Bond Hall (University of Notre Dame)

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Bond Hall
Bond Hall- University of Notre Dame- School of Architecture.JPG
Bond Hall, home of the School of Architecture
Former names Lemonnier Library
General information
Status Used as the home of the school of architecture
Type Academic
Architectural style Neoclassical Architecture
Town or city Notre Dame, Indiana
Country United States
Current tenants University of Notre Dame
Construction started 1917
Completed 1917
Renovated 1964
Owner Congregation of the Holy Cross
Dimensions
Other dimensions 70,021 square feet
Design and construction
Architect Edward Lippincott Tilton
Bond Hall
Bond Hall (University of Notre Dame) is located in Indiana
Bond Hall (University of Notre Dame)
Location Notre Dame, Indiana
Coordinates 41°42′8.2764″N 86°14′17.4516″W / 41.702299000°N 86.238181000°W / 41.702299000; -86.238181000Coordinates: 41°42′8.2764″N 86°14′17.4516″W / 41.702299000°N 86.238181000°W / 41.702299000; -86.238181000
Built 1917 [1]
Architect Edward Tilton[1]
Architectural style Log cabin
Part of University of Notre Dame: Main and North Quadrangles (#78000053)
Added to NRHP May 23, 1978

Bond Hall is a building on the campus of the University of Notre Dame which currently hosts the Notre Dame School of Architecture. It was originally built in 1917 as the Lemmonier Library. The architect was Edward Lippincott Tilton, a neoclassical architect who specialized in libraries. Its front steps are famous as the location of the Notre Dame Marching Band performances before the football games.[2]

History[edit]

The main entrance to Bond Hall, built originally as Lemonnier Library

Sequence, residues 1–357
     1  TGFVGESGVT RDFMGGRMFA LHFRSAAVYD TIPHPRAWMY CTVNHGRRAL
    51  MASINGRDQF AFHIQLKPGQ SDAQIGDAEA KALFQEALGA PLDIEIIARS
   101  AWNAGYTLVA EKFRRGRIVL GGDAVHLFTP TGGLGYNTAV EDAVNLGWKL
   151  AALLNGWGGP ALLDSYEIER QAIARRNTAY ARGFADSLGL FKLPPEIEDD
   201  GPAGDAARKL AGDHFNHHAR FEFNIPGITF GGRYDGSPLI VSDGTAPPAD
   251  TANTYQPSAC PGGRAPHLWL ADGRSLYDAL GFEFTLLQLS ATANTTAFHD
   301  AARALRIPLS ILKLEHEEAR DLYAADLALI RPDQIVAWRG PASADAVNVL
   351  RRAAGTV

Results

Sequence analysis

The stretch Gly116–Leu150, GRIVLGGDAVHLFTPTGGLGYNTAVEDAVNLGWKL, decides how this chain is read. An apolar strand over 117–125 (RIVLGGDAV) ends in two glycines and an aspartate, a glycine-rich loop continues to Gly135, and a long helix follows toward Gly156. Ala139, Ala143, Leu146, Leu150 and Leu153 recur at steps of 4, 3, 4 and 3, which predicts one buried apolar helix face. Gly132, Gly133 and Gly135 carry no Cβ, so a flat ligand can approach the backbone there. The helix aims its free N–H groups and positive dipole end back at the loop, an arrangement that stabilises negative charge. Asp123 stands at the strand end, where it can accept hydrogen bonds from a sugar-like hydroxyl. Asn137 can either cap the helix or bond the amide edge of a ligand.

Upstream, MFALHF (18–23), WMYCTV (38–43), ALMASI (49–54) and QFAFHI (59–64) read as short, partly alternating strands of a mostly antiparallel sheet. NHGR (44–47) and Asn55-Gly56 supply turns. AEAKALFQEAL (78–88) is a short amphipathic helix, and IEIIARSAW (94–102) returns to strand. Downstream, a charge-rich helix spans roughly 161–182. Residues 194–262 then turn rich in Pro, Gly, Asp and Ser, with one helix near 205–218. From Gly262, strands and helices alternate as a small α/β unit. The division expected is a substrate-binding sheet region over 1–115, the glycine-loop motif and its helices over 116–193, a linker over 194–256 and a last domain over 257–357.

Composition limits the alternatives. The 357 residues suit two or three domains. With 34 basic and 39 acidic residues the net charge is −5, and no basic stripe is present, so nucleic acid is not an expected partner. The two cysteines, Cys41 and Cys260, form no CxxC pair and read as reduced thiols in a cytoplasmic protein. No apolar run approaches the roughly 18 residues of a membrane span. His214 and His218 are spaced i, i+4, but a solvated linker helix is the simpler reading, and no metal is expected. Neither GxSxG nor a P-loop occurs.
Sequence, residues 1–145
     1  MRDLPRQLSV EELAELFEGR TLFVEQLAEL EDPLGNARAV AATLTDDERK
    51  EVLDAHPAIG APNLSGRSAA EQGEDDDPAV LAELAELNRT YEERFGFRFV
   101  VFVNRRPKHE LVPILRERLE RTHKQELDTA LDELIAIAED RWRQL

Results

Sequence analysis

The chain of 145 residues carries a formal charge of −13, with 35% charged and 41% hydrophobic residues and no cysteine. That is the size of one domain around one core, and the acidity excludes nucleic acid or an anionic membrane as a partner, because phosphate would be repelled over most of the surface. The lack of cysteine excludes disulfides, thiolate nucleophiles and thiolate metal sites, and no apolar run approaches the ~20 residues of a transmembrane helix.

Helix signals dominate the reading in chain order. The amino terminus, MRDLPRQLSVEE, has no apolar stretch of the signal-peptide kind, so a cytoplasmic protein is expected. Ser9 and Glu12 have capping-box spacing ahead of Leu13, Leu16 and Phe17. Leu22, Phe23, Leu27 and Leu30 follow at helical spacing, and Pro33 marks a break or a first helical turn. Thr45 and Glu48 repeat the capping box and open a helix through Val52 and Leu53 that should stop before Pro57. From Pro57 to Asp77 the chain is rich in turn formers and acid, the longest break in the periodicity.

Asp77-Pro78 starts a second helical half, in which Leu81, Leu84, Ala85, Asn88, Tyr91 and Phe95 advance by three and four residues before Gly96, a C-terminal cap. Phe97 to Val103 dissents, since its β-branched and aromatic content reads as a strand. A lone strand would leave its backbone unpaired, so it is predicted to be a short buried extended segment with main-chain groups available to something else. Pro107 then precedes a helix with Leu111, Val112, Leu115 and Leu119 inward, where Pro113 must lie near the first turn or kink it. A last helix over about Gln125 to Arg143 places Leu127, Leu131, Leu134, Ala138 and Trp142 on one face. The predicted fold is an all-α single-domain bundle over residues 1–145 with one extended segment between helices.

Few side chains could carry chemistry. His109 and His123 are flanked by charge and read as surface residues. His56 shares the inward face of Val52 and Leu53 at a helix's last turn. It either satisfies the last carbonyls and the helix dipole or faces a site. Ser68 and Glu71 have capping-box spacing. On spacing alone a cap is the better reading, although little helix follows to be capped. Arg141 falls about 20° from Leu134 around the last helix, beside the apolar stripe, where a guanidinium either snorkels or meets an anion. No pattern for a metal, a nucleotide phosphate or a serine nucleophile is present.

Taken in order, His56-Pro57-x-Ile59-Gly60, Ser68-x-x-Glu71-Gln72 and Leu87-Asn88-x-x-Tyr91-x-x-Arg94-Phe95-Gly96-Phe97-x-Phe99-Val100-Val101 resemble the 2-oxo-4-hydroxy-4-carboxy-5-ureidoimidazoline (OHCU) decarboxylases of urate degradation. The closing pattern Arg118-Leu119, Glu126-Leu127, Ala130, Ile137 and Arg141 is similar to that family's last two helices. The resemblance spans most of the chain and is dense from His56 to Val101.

Lemmonier Library (1917-1964)[edit]

The current Bond Hall was built as Lemmonier Library in 1917 for $200,000 to replace the University's first library which was hosted on the third four in the east wing of the Main Building. The location of the new library, in the middle of the University farms, was also intended to make it less vulnerable to fire. Architect Edward Lippincott Tilton of New York designed the two-story, Beaux Arts Classical structure, which was made from Indiana limestone. Rev. Thomas J. Shahan, D.D. blessed and dedicated the new library building on June 10, 1917, during the University's Diamond Jubilee celebrations. The building was named for Rev. Auguste Lemonnier, C.S.C. (1839-1874), the fourth president of Notre Dame from 1872 to 1874. Fr. Lemonnier was the creator of Notre Dame’s first central circulating library in 1873.[3] The great fire of 1879 destroyed all but 500 of the library’s 10,000 books. Following that disaster, the library’s collection grew to about 100,000 volumes when the move to the new Lemonnier Library was completed in 1917.[4]

Architecture Building (1964-1995)[edit]

The building served as a library until September 18, 1963, when the Memorial Library (now Hesburgh Library) was finished and all of the books were transferred into it.[5]

Main entrance to Bond Hall, with a scale model of the Parthenon's columns